If you cannot find a perfect spot with diffused sunlight, you can use artificial grow lights instead. Grow lights like VIVOSUN mimic the full spectrum of sunlight to support optimal plant growth without damaging the leaves.
2. Correct your watering habits
Your string of pearls requires just the right amount of water to thrive, and both overwatering and underwatering will be to the detriment of its full and beautiful foliage.
If you are not sure about when your plant needs water, you can easily check the soil’s moisture first. The rule is simple – if the soil is dry, water your plant. Otherwise, wait for the top two inches of soil to dry completely before watering. It is highly recommended to use a soil moisture probe, both for accuracy and convenience. If you do not have a moisture probe, you can also test the soil using your finger but make sure not to disturb the roots.
3. Get rid of pests
When it comes to pest infestations, early intervention is critical to prevent severe leaf damage. Here are some tips to save your pest-infested string of pearls:
- Isolate the infected plant to avoid spreading the disease to other healthy plants.
- Prune the damaged leaves and stems using sterilized pruning shears or scissors.
- Apply neem oil on the leaves once a week until all the pests are eradicated.
- If you prefer using insecticides, make sure that your chosen product is safe for indoor plants. Do your research on the brand and follow the proper dosage.
- Keep your string of pearls where it can get bright, indirect sunlight.
- Do not mist the plant, and avoid watering it at night to discourage fungal growth.
4. Keep fertilizer application in check
Fertilizer is a great way to give your plants that extra boost for faster growth. However, slow feeders like the string of pearls do not need a very large dose. To avoid overfeeding your plant, make sure to use a diluted fertilizer with a 10:10:10 nitrogen-phosphorus-potassium (NPK) ratio.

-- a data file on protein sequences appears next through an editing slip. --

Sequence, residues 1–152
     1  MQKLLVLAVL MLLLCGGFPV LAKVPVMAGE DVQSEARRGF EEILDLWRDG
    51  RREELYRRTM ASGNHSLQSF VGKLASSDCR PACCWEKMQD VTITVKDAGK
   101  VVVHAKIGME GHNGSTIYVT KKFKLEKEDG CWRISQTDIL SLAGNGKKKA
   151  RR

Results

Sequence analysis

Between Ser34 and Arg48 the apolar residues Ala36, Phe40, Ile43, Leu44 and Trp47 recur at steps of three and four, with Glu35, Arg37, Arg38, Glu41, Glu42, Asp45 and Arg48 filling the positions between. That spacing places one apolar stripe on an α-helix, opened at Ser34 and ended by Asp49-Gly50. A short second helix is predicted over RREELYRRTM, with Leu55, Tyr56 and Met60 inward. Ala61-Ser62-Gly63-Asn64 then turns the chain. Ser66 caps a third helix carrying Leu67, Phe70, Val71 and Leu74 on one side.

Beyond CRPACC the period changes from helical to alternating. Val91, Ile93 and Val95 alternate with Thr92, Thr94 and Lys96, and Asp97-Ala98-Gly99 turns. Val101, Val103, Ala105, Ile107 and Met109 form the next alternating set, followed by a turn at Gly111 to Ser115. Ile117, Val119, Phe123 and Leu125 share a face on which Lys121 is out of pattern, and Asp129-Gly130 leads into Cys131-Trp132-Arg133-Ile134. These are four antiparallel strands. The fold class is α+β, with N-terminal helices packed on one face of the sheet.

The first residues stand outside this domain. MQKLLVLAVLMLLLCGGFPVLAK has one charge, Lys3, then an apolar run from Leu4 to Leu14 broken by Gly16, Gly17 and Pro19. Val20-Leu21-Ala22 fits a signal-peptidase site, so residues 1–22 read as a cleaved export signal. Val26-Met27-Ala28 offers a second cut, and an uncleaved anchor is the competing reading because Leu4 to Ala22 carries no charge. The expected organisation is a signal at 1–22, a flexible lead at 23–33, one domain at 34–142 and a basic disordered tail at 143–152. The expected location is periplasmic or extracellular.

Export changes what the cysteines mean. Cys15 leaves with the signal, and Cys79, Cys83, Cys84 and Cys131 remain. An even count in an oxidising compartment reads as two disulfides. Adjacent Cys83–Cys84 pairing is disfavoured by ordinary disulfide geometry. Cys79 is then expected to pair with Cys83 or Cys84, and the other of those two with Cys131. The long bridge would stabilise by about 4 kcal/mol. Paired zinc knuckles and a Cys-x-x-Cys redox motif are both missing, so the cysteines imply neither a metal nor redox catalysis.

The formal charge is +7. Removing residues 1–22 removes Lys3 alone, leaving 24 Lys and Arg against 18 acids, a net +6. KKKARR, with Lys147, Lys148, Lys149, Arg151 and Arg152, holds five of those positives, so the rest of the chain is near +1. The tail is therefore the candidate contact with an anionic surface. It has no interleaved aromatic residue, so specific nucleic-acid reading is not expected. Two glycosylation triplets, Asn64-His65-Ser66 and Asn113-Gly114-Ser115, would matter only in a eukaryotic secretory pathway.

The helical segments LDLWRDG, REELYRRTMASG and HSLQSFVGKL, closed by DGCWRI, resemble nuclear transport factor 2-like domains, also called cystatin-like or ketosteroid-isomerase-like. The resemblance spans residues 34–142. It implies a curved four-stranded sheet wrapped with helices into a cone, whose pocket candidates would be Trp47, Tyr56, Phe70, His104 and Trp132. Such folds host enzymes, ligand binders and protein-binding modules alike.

Fertilize your string of pearls once or twice during the spring and summer, and never during the winter season, as this is when it is dormant.
5. Treat fungal disease
Dealing with a fungal infection is a bit similar to treating pest infestations. Follow these tips to revive your succulent:
- Isolate the infected succulent from the rest of your indoor plants. Unpot it and prune off all the damaged roots, leaves, and stems.
- Apply a good fungicide to get rid of the fungus.
- Let the surviving roots air-dry for about three days. Do not worry – your string of pearls should grow new roots once it has recovered.
- Transfer your plant to a new pot with fresh soil. Make sure that the pot has drainage holes and use a soil mix with good aeration.
- Establish good watering habits to prevent overwatering which can encourage fungal growth.
A string of pearls turning white is usually a sign of sunburn, pests, fungal disease, poor water quality, inappropriate watering habits, or overfeeding. If you suspect that your plant is struggling with any of these issues, make sure to address the problem right away to prevent further damage to the leaves. The golden rule for houseplants also applies to your string of pearls: give it the right care and it should bounce back to health in a very short time!
Image: istockphoto.com / vsanderson